Since 1985 he has served as the Chairman of the BMI Student Composer Awards, the international competition for young classical composers.

In 1986, he was awarded a MacArthur Fellowship.

In 1988, he received the Mississippi Institute of Arts and Letters Award for music composition.

He is also a member of the Academy of Arts and Letters.

Babbitt's notable students include Lera Auerbach, Benjamin Boretz, Mario Davidovsky, Eric Ewazen, Kenneth Fuchs, Michael Kassler, Paul Lansky, Fred Lerdahl, Gilbert Levine, David Lewin, Donald Martino, Andrew Mead, Mario Pelusi, John Rahn, J. K. Randall, Mete Sakpinar, Stephen Sondheim, Su Lian Tan, Peter Westergaard, and Godfrey Winham.

In 2005, Babbitt's wife Sylvia died, as did his brother Albert E. Babbitt, Jr., a mathematician.

Babbitt has one daughter, Betty Anne Duggan, and two grandchildren, Julie and Adam.

Articles

  • (1958). "Who Cares if You Listen?". High Fidelity (February). [Babbitt called this article "The Composer as Specialist." The original title was changed without his knowledge or permission by an editor at High Fidelity.]
  • (1965). "The Structure and Function of Musical Theory", College Music Symposium 5.
  • (1972). "Contemporary Music Composition and Music Theory as Contemporary Intellectual History", Perspectives in Musicology: The Inaugural Lectures of the Ph. D. Program in Music at the City University of New York.
  • (1992) [written 1946] "The Function of Set Structure in the 12-tone system." PhD Dissertation, Princeton University.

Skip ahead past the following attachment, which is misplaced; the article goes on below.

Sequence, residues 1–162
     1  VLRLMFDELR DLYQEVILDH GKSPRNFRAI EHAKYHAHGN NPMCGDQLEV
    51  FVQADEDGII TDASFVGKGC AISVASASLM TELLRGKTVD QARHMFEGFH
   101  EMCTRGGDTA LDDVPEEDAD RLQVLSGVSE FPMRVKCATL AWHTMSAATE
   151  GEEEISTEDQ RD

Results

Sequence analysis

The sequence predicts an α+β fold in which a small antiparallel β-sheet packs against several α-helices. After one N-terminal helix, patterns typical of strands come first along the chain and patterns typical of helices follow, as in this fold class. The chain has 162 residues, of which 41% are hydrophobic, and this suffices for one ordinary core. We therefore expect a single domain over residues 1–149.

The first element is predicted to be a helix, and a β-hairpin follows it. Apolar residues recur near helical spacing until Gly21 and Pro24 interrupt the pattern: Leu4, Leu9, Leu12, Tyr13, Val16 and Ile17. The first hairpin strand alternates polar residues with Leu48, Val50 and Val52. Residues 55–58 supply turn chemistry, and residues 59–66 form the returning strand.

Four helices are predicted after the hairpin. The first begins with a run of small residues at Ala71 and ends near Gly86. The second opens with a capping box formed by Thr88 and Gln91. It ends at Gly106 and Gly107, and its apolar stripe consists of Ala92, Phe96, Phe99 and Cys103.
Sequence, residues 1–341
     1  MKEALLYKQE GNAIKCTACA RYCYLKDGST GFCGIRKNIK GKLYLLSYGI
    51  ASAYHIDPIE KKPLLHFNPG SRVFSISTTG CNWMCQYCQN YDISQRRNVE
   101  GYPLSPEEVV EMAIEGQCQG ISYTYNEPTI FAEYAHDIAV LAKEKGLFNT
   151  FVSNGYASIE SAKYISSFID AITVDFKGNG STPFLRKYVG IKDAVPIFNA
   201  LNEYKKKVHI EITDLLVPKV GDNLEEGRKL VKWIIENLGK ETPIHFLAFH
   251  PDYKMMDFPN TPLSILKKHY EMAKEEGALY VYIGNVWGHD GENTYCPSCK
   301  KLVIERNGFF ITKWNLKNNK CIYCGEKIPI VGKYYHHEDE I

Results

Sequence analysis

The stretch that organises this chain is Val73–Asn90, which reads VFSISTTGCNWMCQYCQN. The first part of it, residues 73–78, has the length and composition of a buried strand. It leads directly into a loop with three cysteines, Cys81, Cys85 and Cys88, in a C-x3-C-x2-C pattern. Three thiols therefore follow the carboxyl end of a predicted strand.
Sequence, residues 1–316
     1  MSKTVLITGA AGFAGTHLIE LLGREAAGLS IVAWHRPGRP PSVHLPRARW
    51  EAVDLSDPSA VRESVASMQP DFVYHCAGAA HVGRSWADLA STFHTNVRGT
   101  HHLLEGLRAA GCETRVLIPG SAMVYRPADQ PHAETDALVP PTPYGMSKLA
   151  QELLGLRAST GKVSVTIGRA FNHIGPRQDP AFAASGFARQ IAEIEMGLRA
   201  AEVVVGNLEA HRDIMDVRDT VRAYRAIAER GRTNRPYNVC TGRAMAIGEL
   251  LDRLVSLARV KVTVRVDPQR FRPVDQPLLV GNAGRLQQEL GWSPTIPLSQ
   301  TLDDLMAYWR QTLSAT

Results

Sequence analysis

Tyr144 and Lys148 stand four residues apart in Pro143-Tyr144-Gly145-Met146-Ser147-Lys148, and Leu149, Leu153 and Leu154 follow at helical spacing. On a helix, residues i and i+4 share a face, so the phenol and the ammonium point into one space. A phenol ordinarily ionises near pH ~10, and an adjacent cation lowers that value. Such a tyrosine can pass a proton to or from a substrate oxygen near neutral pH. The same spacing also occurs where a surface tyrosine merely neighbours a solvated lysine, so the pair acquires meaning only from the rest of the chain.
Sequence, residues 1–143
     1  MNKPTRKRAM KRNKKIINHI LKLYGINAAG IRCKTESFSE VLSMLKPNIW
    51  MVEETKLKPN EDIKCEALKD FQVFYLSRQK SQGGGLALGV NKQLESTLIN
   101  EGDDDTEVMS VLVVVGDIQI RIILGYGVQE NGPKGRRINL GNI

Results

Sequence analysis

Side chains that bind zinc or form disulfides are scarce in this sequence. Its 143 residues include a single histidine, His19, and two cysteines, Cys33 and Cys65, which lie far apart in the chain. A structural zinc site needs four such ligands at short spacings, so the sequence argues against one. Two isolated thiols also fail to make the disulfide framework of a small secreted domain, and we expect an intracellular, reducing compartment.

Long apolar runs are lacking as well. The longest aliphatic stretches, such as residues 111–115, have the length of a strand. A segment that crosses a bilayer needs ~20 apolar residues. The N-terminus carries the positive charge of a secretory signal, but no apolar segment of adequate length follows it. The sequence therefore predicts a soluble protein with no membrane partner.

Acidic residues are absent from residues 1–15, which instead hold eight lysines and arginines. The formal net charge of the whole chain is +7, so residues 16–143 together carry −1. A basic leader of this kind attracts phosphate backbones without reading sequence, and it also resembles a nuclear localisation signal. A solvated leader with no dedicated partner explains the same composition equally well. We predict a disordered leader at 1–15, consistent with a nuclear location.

• (2003). "The Collected Essays of Milton Babbitt." ed. Stephen Peles et al. Princeton University Press.

List of Compositions

  • 1935 Generatrix for orchestra (unfinished)
  • 1939–41 String Trio
  • 1940 Composition for String Orchestra (unfinished)
  • 1941 Symphony (unfinished)
  • 1941 Music for the Mass I for mixed chorus
  • 1942 Music for the Mass II for mixed chorus
  • 1946 Fabulous Voyage (musical, libretto by Richard Koch)
  • 1946 Three Theatrical Songs for voice and piano (taken from Fabulous Voyage)
  • 1947 Three Compositions for Piano
  • 1948 Composition for Four Instruments
  • 1948 String Quartet No. 1 (withdrawn)
  • 1948 Composition for Twelve Instruments
  • 1949 Film Music for Into the Good Ground (withdrawn)
  • 1950 Composition for Viola and Piano
  • 1951 The Widow’s Lament in Springtime for soprano and piano
  • 1951 Du for soprano and piano, August Stramm
  • 1953 Woodwind Quartet
  • 1954 String Quartet No. 2
  • 1954 Vision and Prayer for soprano and piano
  • 1955 Two Sonnets for baritone, clarinet, viola, and cello, two poems of Gerard Manley Hopkins
  • 1956 Duet for piano
  • 1956 Semi-Simple Variations for piano
  • 1957 All Set for alto sax, tenor sax, trp, trb, cb, pno, vib, percussion
  • 1957 Partitions for piano
  • 1960 Sounds and Words for soprano and piano
  • 1960 Composition for Tenor and Six Instruments
  • 1961 Composition for Synthesizer
  • 1961 Vision and Prayer for soprano and synthesized tape, setting of a poem by Dylan Thomas
Second Period
  • 1964 Philomel for soprano, recorded soprano, synthesized tape, setting of a poem by John Hollander
  • 1964 Ensembles for Synthesizer
  • 1965 Relata I for orchestra
  • 1966 Post-Partitions for piano
  • 1966 Sextets for violin and piano
  • 1967 Correspondences for string orchestra and synthesized tape
  • 1968 Relata II for orchestra
  • 1968–69 Four Canons for SA
  • 1969 Phonemena for soprano and piano
  • 1970 String Quartet No. 3
  • 1970 String Quartet No. 4
  • 1971 Occasional Variations for synthesized tape
  • 1972 Tableaux for piano
  • 1974 Arie Da Capo for five instrumentalists
  • 1975 Reflections for piano and synthesized tape
  • 1975 Phonemena for soprano and synthesized tape
  • 1976 Concerti for violin, small orchestra, synthesized tape
  • 1977 A Solo Requiem for soprano and two pianos
  • 1977 Minute Waltz (or 3/4 ± 1/8) for piano
  • 1977 Playing for Time for piano
  • 1978 My Ends Are My Beginnings for solo clarinet
  • 1978 My Complements to Roger for piano
  • 1978 More Phonemena for twelve-part chorus
  • 1979 An Elizabethan Sextette for six-part women’s chorus
  • 1979 Images for saxophonist and synthesized tape
  • 1979 Paraphrases for ten instrumentalists
  • 1980 Dual for cello and piano